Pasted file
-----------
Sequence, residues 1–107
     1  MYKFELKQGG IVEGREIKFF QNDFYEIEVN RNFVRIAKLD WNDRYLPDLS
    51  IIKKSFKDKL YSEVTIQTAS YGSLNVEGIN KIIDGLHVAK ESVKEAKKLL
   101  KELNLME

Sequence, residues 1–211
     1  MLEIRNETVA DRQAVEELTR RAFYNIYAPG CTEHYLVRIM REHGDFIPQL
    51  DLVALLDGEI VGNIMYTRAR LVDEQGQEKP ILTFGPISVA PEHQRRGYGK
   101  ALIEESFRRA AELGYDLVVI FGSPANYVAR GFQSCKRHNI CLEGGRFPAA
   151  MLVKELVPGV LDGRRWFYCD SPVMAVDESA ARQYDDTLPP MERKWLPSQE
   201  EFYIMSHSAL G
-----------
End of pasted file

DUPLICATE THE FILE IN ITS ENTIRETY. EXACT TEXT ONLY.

Sequence, residues 1–107
     1  MYKFELKQGG IVEGREIKFF QNDFYEIEVN RNFVRIAKLD WNDRYLPDLS
    51  IIKKSFKDKL YSEVTIQTAS YGSLNVEGIN KIIDGLHVAK ESVKEAKKLL
   101  KELNLME

Sequence, residues 1–211
     1  MLEIRNETVA DRQAVEELTR RAFYNIYAPG CTEHYLVRIM REHGDFIPQL
    51  DLVALLDGEI VGNIMYTRAR LVDEQGQEKP ILTFGPISVA PEHQRRGYGK
   101  ALIEESFRRA AELGYDLVVI FGSPANYVAR GFQSCKRHNI CLEGGRFPAA
   151  MLVKELVPGV LDGRRWFYCD SPVMAVDESA ARQYDDTLPP MERKWLPSQE
   201  EFYIMSHSAL G